The Serpent and the Sphere makes no exception, to the rule. This time, though, the four-piece from Portland, Oregon, probably has not stretched itself beyond its limits. The album misses the feeling of utter effort that was so compelling in Pale Folklore and The Mantle: these were albums that let the listener startled, dizzy and entirely captured from beginning to end. The same feeling pounded in the more electric and “metallic” approach of Ashes Against the Grain and Marrow of the Spirit. To a certain extent, that drama also belongs to The Serpent and the Sphere, but, to put it lyrically, it seems to seep and writhe beneath Agalloch’s frostbitten land instead of gliding with brilliance above it. Which is to say, the new album certainly touches unearthly depths, but takes an introspective direction that turns out in less cutting and shrill melodic lines, always provided by the trusted Don Anderson.
Besides, to begin with the title itself, this new album deals entirely with the inner journey towards elevation, may it be physical, intellectual or spiritual: crawling and wriggling in the womb of the Mother Earth like a snake or a worm to reach the superior dimension of the celestial Spheres. The symbolic injection of such a concept is enormous, and its array furtherly extends if we think of the meanings bestowed on these two subjects from time to time in compared cultural systems. The snake depicted as icon of sin, sexuality, change, rebirth, as much as a godly element in several pagan cults (Ouroboros or Apep are just a couple of examples) and its peculiar physical structure clearly represents the cyclic nature of things, life, death, and history. Cycle, which is, obviously, a sphere. It all makes sense. The magnificently harsh landscapes that also used to bring consistency to Agalloch’s searing sound are also present, though with a different acceptation. The maternal and feminine nature of the Earth is the vehicle to a transcendental, philosophical dimension: an astral order of divine architectures, dark matters, arcane cosmos, terrifying gaps of time and space, all beautifully engraved in some of John Haughm’s most precious lyrics ever.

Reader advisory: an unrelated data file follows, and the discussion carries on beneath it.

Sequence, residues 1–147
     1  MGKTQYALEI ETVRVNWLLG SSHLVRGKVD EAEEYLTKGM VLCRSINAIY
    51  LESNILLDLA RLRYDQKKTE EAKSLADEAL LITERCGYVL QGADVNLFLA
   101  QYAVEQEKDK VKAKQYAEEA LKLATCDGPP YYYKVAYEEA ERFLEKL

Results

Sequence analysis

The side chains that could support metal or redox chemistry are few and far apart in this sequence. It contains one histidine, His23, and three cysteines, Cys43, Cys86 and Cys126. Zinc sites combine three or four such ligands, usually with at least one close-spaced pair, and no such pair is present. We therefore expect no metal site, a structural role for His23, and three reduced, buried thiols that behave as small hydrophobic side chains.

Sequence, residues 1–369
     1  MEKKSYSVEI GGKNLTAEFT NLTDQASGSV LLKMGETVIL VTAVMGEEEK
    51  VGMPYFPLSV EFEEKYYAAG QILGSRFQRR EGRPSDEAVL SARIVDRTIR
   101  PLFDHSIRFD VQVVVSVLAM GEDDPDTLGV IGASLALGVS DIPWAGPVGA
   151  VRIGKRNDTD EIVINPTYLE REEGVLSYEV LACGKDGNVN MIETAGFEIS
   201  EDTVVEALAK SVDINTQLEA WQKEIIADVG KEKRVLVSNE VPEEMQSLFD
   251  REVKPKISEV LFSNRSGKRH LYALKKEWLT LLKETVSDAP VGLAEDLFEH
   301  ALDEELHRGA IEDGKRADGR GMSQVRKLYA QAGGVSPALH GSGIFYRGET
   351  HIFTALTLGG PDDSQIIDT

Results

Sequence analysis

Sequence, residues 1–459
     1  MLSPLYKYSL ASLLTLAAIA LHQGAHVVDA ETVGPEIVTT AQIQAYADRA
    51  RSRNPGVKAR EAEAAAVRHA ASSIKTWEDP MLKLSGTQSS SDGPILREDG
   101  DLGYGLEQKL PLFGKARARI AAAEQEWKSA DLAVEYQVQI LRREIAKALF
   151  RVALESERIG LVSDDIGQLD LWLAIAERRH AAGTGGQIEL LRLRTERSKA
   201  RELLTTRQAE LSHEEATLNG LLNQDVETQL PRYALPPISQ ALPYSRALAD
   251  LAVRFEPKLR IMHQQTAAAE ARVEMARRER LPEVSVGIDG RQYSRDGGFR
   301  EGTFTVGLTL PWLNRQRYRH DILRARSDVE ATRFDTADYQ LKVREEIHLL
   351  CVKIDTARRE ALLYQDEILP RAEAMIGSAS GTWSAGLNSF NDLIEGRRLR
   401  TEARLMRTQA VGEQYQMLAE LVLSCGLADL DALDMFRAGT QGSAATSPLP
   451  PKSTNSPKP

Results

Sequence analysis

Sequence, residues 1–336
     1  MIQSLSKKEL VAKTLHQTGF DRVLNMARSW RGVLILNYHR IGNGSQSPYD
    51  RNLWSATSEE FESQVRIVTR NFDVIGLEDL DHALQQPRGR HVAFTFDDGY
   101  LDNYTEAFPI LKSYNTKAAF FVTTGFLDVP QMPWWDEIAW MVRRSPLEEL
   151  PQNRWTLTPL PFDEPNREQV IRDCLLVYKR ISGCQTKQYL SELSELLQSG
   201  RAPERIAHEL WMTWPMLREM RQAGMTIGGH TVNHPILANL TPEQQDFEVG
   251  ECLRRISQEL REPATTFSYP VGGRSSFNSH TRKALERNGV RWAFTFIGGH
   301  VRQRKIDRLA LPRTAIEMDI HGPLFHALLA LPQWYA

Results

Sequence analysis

Now as regards Haughm, his clean vocals are almost completely gone and forgotten, which somehow suits the pit of inward and despair he has plunged in by writing such songs, and Walton’s churning bass almost makes as a backing vocals to the frontman, especially on the regal “Dark Matter Gods”. Needless to say, Aesop Dekker makes a superb job milling his way either through the blackened blasts of “Celestial Effigy” and “The Astral Dialogue” and the meditating progress of slower tracks.
“Birth and Death of the Pillars of Creation” is probably one of the best bits of the album, constantly hovering on the edge of what the listener expects to be an explosion, a volcanic eruption or something like that. Instead, Agalloch indulge for 10 minutes in the slightly sadistic pleasure of playing the waiting game through thoughtful guitar work, tense drumming and soothing post rock beams. “Plateau of the Ages” is a 13-minute behemoth of pure and glowing Cascadian beauty. “Vales Beyond Dimensions” remarks the doom component stronger than in previous works. The instrumental interludiums “(Serpens Caput)”, “(Serpens Cauda)” and “Cor Serpentis (The Sphere)”, strategically positioned, manage to ease down the tension at the seams of the tracklist and seal the portrait of a previously unseen band, projected towards something untouchable, yet deeply rooted to mankind’s most primordial nature. A masterpiece of structured thought, a theoretical and awe-inspiring album.
The Serpent and the Sphere was released on May 13, 2014 on Profound Lore Records. Recorded at Cloud City Studios, Portland, Oregon. Mixed at Everything Hz. CD version available as deluxe digipack with die-cut first panel.
1. Birth and Death of the Pillars of Creation
2. (Serpens Caput)
3. The Astral Dialogue
4. Dark Matter Gods
5. Celestial Effigy
6. Cor Serpentis (The Sphere)
7. Vales Beyond Dimension
8. Plateau of the Ages
9. (Serpens Cauda)
John Haughm (voice, guitar)
Don Anderson (guitar, keyboards, backing vocals)
Jason William Walton (bass)
Aesop Dekker (drums)